For tackling the diversity gap in drug development.
How in the heck does one start a drug company? “I just hit the pavement and knocked on doors,” says Tia Lyles-Williams, by way of explanation. She leveraged this determination and two decades in the biotech industry to build biologic drug manufacturer LucasPye Bio, in 2018, as well as a co-working space for commercial life science startups in 2021. As an industry veteran, Lyles-Williams had seen firsthand how drug companies didn’t recruit people of African descent for clinical trials, even for conditions that primarily affect them, like lupus. “There are a lot of things to fix in biotech,” she says. LucasPye Bio spent several years consulting and building partnerships, and then landed its first customer in 2021, in the form of a multibillion-dollar contract with Nairobi-based IndyGeneUS AI, which is mapping the genome of Africans and people within the African diaspora. LucasPye Bio will help develop drugs based on the findings. As for the co-working space, it’s called HelaPlex and has a built-in accelerator. The name is a nod to Henrietta Lacks, the Black patient whose cancer cells were extracted and stored without her knowledge or consent, and then cultured for use in medical research for decades after her death (they're still being used today). Lyles-Williams says she is in discussions with Lacks's legal team to help the family receive compensation for Henrietta Lacks's contributions to the industry. And, with LucasPye, Lyles-Williams also is firm that she will offer higher wages for employees and focus on bringing people of color into the biotech C-suite.--Gabrielle Bienasz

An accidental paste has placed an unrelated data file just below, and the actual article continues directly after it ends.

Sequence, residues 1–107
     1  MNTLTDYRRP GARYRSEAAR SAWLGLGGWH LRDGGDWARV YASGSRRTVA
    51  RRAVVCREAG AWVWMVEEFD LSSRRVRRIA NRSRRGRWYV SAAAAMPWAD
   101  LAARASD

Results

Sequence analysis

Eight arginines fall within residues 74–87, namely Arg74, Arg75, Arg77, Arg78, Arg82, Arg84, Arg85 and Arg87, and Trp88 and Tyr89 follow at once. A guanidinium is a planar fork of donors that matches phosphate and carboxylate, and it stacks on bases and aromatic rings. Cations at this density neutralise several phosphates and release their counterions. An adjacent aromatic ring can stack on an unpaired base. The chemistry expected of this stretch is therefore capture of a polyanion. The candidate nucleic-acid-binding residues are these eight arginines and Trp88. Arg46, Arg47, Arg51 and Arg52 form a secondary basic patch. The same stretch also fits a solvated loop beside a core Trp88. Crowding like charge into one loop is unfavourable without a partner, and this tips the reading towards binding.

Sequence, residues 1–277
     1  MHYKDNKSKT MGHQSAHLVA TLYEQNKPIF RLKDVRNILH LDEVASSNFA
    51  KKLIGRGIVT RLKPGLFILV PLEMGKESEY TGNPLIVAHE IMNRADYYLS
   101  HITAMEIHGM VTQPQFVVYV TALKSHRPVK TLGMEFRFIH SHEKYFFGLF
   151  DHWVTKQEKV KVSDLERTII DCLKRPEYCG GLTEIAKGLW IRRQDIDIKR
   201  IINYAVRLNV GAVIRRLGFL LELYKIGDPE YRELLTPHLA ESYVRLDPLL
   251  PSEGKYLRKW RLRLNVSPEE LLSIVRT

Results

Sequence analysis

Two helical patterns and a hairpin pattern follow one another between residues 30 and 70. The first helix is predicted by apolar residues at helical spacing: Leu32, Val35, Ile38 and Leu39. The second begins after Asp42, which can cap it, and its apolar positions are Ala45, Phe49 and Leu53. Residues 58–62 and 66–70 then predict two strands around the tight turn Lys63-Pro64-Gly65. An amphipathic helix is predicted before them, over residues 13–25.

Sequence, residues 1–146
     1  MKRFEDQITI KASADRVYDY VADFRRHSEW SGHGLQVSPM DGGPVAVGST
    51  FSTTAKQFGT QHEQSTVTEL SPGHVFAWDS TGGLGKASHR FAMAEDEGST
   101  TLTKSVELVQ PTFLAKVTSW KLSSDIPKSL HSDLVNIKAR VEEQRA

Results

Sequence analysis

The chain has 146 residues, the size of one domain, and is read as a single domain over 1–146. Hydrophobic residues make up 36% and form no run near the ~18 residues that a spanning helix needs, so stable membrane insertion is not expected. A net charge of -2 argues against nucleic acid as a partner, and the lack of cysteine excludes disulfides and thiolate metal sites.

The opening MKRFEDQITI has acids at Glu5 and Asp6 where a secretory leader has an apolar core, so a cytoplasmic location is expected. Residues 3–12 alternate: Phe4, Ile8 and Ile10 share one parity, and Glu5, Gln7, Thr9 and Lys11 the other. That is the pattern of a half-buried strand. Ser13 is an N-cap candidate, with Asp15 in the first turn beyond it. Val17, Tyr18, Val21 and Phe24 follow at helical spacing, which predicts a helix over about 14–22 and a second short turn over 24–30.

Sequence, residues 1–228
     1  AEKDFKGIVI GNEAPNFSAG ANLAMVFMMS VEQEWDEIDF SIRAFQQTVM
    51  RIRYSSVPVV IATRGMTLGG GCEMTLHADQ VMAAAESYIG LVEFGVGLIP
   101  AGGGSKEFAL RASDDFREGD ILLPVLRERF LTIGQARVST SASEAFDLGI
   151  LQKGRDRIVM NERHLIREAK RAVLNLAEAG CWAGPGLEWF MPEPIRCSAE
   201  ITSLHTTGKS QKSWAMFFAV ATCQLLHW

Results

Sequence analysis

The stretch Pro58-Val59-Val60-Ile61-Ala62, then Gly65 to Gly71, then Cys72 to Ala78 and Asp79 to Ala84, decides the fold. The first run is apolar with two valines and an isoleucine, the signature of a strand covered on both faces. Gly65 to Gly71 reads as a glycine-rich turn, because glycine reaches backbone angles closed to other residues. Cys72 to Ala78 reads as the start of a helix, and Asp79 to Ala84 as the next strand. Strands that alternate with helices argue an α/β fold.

Xiao Chi Jie (XCJ)
For executing the pivot that saved her food business.